When I read Nature Poem, I found myself reading it out loud. I watched a YouTube video of his poetry reading and finally listened to the audiobook, realizing that his poetry is embodied in a physical experience: it is a full body experience—from his mouth to our ear, invigorating a physical proximity between the listener, and the speaker, making Pico a storyteller. A major aspect of his poetics thus, lies in its orality. What is interesting is that storytelling is an integral part of Indigenous cultures. Indigenous storytelling has been a way to instil knowledge about their culture, and about nature: Pico challenges the white dominant discourse on Nature, addressing the nature that is known to him, his lived realities, while also taking the tradition of orality forward. He astutely situates orality to the culture of the times, his poetry is reminiscent of the 21st century spoken word or slam poetry, poetry of the marginalized, poetry that is performed, poetry that resists. Pico’s poetry is all about unfiltered excess: he does not censor himself, neither in his language, nor in the ideas he explores.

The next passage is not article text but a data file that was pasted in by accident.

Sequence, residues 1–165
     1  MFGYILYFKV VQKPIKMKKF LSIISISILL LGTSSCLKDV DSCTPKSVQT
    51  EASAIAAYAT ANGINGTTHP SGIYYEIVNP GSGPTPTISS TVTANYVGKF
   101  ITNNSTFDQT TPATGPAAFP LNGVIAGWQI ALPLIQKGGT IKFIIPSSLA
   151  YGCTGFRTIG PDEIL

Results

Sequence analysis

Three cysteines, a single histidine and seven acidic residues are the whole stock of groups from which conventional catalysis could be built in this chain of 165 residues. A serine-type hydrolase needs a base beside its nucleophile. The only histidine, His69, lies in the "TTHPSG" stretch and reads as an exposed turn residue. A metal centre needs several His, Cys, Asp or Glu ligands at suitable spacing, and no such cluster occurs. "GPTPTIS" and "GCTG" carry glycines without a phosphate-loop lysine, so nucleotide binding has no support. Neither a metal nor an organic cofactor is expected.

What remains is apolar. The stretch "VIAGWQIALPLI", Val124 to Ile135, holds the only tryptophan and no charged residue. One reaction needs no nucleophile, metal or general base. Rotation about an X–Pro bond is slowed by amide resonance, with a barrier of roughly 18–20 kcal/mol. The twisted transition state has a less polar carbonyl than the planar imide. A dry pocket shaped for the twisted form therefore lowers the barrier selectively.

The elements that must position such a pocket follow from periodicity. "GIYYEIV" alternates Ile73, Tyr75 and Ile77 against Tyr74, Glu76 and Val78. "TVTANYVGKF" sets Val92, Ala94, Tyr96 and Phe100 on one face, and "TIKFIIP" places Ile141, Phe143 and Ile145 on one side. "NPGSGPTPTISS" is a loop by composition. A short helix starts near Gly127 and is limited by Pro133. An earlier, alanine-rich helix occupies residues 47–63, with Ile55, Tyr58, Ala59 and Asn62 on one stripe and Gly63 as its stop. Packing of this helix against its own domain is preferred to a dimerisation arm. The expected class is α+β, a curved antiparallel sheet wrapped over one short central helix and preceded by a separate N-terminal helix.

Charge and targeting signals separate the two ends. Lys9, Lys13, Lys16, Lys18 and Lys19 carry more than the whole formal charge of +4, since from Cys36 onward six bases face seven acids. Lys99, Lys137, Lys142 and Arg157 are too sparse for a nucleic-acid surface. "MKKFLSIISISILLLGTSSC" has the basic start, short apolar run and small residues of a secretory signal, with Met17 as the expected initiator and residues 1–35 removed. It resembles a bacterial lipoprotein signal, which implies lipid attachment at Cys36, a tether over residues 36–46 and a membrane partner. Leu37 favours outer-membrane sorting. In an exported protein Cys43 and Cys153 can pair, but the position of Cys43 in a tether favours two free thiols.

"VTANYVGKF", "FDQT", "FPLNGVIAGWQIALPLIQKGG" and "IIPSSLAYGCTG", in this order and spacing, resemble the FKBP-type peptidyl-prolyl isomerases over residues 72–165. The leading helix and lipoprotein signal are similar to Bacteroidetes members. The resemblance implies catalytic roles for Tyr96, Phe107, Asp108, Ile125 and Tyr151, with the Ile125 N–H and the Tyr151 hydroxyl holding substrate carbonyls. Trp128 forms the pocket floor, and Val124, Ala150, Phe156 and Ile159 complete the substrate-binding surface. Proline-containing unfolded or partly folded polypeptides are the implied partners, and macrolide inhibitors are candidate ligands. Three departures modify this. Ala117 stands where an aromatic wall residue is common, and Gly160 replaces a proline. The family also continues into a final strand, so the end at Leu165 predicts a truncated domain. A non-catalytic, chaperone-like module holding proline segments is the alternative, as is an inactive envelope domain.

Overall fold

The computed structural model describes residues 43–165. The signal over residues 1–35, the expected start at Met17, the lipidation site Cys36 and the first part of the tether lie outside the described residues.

As one reads Nature Poem, one realizes that the persona, Teebs, is Pico’s alter ego. His position is not fixed; it is constantly shifting, evolving—it is queer. I use ‘queer’ here, not to describe his sexuality, but to draw attention to his style of poetry, which is an anomaly to the ‘norm’. I use ‘queer’ also to describe his liminality, his in-betweenness, his double consciousness, and hybridity. He tells us that he does not feel ‘at home’ in nature; this recognition, the painful awareness of alienation is agential, but the result is alienation and a feeling of distance, inhibiting loss, further ‘queer-ing’ his position.
In a New Yorker article by Peter Moskowitz, Tommy Pico tells Moskowitz that he uses poetry to “square two identities that don’t fit together well: being a poor, queer kid from the rez (Indigenous Peoples’ reservation centre), and being a pleasure-seeking, technology-addicted New Yorker who would rather chase the boys he meets on apps than think about centuries of pain passed from one generation to another” (Moskowitz, 2017). Poetry thus, becomes Tommy Pico’s way to make people witness this feeling of disjointedness. In order to achieve this, he uses his poetry as a tool to unsettle the reader. At one point, Teebs talks about “fucking or texting somebody” and then suddenly he is talking about “the three hundred years of colonial practices”; he lulls the reader under the pretext of security, and then abruptly destabilizes the reader (Moskowitz 2017).